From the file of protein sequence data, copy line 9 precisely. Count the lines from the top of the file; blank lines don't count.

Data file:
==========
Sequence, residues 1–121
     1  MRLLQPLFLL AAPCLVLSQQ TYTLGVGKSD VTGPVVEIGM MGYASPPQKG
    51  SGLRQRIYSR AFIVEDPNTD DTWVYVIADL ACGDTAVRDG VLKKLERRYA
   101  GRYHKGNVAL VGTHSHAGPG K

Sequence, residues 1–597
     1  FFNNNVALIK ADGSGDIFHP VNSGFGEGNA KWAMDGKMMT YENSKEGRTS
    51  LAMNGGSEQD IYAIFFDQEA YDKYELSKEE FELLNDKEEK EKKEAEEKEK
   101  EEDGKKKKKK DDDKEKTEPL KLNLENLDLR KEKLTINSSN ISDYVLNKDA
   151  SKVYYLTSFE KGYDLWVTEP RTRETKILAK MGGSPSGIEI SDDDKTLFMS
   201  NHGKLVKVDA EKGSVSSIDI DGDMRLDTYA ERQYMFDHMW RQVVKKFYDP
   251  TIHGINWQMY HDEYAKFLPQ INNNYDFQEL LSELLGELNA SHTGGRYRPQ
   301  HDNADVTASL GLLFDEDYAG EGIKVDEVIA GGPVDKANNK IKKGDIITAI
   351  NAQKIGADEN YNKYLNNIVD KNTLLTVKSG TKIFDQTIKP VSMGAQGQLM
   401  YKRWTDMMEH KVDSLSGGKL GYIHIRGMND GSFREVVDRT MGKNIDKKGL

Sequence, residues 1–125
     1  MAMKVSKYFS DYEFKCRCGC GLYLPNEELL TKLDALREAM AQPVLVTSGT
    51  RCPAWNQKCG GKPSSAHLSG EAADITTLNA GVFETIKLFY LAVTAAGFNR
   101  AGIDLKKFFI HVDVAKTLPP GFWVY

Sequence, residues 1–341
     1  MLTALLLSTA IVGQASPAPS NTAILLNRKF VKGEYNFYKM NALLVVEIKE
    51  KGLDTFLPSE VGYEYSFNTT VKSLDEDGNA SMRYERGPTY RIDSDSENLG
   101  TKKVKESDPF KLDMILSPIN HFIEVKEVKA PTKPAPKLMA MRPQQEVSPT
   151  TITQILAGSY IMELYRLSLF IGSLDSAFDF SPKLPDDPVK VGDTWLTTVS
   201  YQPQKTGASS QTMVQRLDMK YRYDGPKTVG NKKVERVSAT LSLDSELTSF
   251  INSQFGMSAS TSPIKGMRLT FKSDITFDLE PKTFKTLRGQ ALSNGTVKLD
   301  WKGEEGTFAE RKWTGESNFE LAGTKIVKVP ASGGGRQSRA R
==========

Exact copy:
   151  SKVYYLTSFE KGYDLWVTEP RTRETKILAK MGGSPSGIEI SDDDKTLFMS